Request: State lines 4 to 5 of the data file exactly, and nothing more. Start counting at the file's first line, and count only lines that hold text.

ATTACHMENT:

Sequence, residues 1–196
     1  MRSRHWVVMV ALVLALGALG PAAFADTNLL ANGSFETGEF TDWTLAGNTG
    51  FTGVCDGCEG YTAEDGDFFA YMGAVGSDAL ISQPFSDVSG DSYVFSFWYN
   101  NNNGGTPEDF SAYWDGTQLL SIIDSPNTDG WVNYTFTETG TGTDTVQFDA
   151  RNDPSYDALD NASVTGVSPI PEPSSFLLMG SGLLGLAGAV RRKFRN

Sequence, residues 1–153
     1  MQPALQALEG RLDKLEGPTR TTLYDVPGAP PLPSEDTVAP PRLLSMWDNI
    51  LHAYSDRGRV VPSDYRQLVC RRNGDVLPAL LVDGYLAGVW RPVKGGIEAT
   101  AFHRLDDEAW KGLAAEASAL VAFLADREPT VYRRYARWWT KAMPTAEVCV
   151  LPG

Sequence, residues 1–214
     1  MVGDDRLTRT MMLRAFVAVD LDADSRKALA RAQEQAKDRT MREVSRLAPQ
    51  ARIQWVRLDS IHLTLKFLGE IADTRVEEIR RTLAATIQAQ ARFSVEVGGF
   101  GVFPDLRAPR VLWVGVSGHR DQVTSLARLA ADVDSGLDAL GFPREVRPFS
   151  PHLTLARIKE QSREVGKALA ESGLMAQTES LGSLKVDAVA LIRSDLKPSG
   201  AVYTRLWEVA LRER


   101  NNNGGTPEDF SAYWDGTQLL SIIDSPNTDG WVNYTFTETG TGTDTVQFDA
   151  RNDPSYDALD NASVTGVSPI PEPSSFLLMG SGLLGLAGAV RRKFRN